Nicotine is a chiral compound and consequently exists as two enantiomers. Since (R)-nicotine consists of less than 0.5% of total nicotine pool in tobacco, few investigations relating to (R)-nicotine have been reported. However, previous studies of nicotine demethylases suggested there was substantial amount of (R)-nicotine at synthesis in the tobacco plant. In this study, the accumulation and translocation of (R)-nicotine in tobacco was analyzed. The accumulation of nicotine and its demethylation product the nornicotine enantiomers, were investigated in different tobacco plant parts and at different growth and post-harvest stages. Scion/rootstock grafts were used to separate the contributions of roots (source) from leaves (sink) to the final accumulation of nicotine and nornicotine in leaf tissue. The results indicate that 4% of nicotine is in the (R) form at synthesis in the root. After the majority of (R)-nicotine is selectively demethylated by CYP82E4, CYP82E5v2 and CYP82E10 in the root, nicotine and nornicotine are translocated to leaf, where more nicotine becomes demethylated. Depending on the CYP82E4 activity in senescing leaf, constant low (R)-nicotine remains in the tobacco leaf and variable nornicotine composition is produced. These results confirmed the enantioselectivity of three nicotine demethylases in planta, could be used to predict the changes of nicotine and nornicotine composition, and may facilitate demethylase discovery in the future.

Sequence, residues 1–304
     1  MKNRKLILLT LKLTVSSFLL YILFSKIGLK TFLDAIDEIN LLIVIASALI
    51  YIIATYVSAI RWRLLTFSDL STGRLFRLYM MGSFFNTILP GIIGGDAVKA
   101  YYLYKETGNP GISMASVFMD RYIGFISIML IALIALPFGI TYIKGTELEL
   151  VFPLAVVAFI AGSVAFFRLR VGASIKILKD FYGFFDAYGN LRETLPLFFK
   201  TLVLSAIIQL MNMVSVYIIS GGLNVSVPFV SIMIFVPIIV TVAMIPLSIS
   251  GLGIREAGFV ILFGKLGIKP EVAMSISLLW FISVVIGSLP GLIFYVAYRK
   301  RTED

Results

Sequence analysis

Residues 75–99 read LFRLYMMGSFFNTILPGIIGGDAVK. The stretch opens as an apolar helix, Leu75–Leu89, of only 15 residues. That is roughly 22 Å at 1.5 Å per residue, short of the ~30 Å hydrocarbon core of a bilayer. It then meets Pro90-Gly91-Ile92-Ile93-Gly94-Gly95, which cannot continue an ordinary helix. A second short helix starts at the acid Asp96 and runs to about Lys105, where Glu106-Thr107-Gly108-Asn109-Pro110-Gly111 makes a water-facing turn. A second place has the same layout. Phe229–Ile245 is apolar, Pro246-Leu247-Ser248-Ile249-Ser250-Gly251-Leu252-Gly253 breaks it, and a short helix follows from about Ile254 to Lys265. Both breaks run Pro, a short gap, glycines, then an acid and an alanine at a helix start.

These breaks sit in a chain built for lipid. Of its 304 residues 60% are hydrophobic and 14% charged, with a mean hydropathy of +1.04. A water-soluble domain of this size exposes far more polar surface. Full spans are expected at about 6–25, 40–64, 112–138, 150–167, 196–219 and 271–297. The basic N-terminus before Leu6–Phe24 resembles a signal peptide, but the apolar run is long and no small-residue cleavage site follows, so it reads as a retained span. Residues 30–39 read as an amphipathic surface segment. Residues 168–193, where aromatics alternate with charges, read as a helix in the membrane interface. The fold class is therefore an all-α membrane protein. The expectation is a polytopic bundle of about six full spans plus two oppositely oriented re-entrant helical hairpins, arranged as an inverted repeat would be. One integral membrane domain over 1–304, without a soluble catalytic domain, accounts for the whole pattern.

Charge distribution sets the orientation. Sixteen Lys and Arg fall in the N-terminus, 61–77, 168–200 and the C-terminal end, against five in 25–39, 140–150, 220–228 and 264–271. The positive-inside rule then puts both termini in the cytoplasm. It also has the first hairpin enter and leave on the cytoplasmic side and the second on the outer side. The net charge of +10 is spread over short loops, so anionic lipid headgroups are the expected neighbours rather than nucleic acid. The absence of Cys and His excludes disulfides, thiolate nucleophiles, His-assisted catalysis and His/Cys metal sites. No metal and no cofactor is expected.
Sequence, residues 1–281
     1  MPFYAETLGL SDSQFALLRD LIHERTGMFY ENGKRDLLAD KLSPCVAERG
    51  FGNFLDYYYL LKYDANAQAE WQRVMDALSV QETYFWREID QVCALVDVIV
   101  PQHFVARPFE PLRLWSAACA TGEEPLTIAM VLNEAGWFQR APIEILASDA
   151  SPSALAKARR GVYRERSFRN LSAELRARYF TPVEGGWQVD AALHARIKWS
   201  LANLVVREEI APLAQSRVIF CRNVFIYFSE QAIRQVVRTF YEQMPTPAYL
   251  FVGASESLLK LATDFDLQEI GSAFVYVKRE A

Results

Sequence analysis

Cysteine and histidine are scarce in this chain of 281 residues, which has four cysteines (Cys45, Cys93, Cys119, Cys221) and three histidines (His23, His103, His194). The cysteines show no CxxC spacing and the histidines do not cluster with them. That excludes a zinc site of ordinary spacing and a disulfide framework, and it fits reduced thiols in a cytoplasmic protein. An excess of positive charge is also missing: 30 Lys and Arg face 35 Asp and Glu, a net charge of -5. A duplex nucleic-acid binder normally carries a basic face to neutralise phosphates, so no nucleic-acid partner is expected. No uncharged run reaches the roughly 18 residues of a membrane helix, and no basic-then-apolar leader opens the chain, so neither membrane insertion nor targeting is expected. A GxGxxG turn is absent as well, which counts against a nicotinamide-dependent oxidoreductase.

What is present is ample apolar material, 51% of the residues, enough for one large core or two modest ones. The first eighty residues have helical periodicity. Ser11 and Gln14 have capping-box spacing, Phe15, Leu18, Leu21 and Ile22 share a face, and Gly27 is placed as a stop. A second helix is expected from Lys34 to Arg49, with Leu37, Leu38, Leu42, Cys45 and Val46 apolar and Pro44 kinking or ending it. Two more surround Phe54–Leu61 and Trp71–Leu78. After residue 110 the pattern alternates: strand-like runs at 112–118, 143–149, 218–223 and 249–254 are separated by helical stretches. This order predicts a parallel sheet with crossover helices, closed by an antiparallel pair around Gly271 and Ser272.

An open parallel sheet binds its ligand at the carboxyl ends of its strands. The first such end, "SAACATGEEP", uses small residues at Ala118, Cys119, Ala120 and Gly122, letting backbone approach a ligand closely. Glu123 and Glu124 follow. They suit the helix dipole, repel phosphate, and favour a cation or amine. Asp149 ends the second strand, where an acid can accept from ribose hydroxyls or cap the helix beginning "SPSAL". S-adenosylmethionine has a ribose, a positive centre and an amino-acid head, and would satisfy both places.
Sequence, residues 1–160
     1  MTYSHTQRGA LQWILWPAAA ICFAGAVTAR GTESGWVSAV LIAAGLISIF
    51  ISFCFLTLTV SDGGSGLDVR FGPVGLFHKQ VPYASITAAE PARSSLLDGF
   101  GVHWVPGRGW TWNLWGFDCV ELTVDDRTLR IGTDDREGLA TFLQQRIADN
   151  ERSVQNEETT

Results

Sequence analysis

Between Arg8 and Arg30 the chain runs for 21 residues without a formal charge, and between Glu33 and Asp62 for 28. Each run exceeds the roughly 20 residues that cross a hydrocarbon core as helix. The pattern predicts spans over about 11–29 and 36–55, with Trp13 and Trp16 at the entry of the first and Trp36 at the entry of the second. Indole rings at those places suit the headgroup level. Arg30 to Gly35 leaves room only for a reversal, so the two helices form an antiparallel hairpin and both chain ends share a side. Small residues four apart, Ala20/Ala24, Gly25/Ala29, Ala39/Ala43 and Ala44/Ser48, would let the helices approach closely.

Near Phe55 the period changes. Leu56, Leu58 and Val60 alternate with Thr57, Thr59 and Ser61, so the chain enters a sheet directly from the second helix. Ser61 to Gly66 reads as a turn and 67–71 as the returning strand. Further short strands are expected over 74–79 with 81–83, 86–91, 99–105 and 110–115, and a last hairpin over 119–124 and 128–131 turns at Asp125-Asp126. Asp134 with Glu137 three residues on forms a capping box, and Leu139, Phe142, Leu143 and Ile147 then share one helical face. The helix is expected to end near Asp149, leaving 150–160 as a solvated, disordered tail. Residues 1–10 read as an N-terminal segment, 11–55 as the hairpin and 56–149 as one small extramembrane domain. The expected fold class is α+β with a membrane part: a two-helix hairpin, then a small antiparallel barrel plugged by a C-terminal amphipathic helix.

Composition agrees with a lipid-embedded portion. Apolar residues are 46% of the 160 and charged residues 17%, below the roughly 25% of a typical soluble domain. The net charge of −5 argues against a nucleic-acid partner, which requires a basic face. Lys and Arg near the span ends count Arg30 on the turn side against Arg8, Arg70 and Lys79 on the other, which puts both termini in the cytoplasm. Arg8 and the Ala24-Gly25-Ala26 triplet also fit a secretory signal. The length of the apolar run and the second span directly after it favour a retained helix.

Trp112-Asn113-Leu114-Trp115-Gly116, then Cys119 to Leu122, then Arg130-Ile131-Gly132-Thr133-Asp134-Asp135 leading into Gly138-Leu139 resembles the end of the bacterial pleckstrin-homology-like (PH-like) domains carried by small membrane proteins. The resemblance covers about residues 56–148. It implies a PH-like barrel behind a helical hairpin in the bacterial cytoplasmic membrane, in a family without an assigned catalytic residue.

Keywords: (R)-nicotine; Enantioselectivity; Nicotiana tabacum L.; Nicotine demethylase; Nornicotine; Solanaceae; Tobacco.
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